There’s a fascinating show opening at Pace/MacGill Gallery in NYC today: “Snap Noir: Snapshot Stories from the Collection of Robert E. Jackson.” You might wonder, who is Robert E. Jackson? He’s a businessman who lives in Seattle, and he describes himself this way: “I’m not a hot shot, I’m not rich,” Jackson says laughing. “I work in a cubicle.” But about a decade ago, he began obsessively collecting snapshots – he scavenged yard sales, antiques shops, and estate sales, and over these ten years accumulated a collection of over 9,000 photographs. For the most part, these photographs are by unknown photographers, they were simply average Americans trying out their cameras and trying their hand at art. But the pictures are anything but average – might I say that some of them border on the bizarre (and for teachers who might share this with their students, please note that some of the pictures have adult themes).
The pictures, as collected by Jackson and assembled at Pace/MacGill, have obviously been removed from their original context within family photo albums, so the stories or explanations that lie behind the original photographer’s thinking are no longer known. But seeing them in their new respective groupings, Jackson explains that they can “be appreciated and studied as both nostalgic curiosities and sociological artifacts.”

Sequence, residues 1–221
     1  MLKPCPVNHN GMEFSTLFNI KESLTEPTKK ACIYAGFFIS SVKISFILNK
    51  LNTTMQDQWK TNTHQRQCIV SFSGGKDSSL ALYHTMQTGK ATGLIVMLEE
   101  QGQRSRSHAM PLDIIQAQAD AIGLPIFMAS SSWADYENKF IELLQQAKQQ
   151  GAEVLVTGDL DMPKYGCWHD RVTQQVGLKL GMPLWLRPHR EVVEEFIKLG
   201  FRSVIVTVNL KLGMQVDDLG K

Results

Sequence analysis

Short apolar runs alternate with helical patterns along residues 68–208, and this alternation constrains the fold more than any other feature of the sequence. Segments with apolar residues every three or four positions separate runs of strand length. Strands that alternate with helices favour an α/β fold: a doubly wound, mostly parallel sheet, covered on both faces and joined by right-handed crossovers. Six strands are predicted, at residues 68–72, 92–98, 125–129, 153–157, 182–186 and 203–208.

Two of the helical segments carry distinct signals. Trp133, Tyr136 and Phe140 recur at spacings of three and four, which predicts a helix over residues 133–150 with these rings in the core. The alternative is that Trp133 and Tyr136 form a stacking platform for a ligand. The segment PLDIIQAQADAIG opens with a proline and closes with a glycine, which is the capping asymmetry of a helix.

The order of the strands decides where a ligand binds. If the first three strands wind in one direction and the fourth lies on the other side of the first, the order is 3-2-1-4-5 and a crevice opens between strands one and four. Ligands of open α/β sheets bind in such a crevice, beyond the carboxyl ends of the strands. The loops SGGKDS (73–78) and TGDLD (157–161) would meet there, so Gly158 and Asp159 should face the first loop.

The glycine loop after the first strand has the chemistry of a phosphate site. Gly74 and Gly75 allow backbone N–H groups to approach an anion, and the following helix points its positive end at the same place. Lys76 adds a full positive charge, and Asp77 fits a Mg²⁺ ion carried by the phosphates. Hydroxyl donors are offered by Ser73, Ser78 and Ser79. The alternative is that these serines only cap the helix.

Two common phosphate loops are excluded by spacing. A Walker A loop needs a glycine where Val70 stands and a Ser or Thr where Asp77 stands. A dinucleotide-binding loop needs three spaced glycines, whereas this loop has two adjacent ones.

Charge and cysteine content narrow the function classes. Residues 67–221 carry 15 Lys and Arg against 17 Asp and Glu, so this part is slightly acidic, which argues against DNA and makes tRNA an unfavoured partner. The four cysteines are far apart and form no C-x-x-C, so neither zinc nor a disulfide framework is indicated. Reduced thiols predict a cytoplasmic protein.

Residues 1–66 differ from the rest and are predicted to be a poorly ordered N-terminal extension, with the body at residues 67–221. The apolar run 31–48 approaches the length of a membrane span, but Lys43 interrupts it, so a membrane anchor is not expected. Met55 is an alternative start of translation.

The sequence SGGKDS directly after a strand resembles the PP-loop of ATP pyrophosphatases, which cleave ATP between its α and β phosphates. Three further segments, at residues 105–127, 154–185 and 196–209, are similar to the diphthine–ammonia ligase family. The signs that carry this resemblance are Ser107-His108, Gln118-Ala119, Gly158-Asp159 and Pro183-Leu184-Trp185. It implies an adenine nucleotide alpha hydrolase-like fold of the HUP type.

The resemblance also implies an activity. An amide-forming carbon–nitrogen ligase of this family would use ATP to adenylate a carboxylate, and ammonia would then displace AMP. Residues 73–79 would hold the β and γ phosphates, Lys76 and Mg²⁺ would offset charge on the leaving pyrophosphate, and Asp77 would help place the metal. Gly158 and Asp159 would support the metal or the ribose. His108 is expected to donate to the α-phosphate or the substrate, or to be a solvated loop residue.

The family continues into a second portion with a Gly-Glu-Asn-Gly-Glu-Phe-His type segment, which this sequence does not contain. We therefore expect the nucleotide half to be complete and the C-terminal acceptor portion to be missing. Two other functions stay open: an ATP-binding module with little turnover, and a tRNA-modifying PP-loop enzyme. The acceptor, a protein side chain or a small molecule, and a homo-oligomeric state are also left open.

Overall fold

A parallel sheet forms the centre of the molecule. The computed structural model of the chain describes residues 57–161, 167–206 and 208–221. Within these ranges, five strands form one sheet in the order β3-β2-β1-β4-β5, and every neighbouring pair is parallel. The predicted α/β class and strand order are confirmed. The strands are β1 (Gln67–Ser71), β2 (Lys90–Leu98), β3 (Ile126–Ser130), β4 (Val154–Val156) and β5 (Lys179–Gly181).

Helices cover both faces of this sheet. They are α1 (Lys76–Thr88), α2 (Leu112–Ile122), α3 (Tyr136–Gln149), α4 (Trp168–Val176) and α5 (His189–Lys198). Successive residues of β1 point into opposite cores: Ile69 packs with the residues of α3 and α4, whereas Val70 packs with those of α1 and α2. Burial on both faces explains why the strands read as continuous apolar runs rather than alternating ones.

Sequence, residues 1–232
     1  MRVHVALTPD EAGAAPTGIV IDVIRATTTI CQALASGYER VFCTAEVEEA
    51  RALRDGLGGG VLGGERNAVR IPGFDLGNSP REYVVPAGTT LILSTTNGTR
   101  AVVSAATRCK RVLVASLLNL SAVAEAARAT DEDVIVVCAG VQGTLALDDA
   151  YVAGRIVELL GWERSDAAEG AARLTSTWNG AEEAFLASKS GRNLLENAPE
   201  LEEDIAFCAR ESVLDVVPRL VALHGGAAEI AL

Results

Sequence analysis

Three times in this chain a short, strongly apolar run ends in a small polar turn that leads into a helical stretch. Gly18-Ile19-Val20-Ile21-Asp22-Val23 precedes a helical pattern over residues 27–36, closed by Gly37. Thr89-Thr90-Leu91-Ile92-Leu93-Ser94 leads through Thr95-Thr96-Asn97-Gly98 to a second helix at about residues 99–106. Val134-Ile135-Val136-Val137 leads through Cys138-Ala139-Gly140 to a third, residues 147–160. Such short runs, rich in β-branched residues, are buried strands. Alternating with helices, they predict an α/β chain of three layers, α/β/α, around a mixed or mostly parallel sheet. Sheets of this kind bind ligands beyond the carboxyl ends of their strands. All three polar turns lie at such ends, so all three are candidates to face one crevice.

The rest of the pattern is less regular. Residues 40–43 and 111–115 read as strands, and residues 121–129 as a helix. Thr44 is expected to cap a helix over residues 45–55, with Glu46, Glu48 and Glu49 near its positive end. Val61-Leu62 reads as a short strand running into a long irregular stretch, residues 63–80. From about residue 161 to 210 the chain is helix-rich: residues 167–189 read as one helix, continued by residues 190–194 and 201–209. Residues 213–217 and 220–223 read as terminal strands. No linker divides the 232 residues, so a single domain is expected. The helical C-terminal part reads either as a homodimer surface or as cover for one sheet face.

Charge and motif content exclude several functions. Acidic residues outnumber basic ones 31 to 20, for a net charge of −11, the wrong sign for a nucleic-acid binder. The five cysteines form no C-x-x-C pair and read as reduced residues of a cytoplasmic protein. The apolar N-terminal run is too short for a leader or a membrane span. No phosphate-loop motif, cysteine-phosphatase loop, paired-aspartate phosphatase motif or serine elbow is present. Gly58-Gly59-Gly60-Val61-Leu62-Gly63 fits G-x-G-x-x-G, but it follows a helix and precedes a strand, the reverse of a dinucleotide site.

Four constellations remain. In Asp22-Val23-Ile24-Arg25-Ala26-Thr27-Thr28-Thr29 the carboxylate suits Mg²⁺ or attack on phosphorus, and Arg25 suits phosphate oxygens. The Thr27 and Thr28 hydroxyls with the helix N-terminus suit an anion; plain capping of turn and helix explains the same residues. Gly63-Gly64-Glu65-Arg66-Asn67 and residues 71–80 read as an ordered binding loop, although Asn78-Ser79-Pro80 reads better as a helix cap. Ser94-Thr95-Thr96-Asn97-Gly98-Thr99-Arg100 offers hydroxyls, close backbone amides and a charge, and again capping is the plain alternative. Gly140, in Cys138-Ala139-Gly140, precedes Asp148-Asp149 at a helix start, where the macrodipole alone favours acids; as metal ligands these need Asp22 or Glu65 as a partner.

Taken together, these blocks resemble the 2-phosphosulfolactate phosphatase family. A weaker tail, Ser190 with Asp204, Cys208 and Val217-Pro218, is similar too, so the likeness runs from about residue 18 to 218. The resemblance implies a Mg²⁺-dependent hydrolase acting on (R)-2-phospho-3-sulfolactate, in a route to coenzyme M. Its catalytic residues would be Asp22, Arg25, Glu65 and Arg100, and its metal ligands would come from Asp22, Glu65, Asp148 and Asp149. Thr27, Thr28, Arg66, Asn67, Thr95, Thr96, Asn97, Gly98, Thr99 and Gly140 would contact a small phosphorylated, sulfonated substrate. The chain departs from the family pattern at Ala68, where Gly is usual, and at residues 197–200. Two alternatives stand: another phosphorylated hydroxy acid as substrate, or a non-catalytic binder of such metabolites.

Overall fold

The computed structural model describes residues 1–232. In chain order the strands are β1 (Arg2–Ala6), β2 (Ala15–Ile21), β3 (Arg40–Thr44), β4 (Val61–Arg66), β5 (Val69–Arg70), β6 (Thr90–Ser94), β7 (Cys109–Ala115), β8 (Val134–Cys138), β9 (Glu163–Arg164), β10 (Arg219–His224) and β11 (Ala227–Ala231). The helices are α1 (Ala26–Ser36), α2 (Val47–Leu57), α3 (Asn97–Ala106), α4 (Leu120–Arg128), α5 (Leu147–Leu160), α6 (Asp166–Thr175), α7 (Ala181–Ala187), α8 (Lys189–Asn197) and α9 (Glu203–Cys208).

Here’s a few selections from the show. The first pair shows a woman who seems to have an unusual – if not unhealthy – relationship with her stuffed rabbit doll: taking it to see petroglyphs, and introducing it to her Halloween jack-o-lantern. The next trio are from a series of photographs taken while looking through chain link fences, and one wonders: were the photographers simply inconvenienced by the fences, or were they voyeurs who were trying to capture an elusive subject? And the last picture below shows a slice of cold war America: two women in their living room, holding the dog, and wearing gas masks – I just wish they had one for the dog!
The exhibition opens today and runs through August 21st. For more information, check out the Pace/MacGill website here.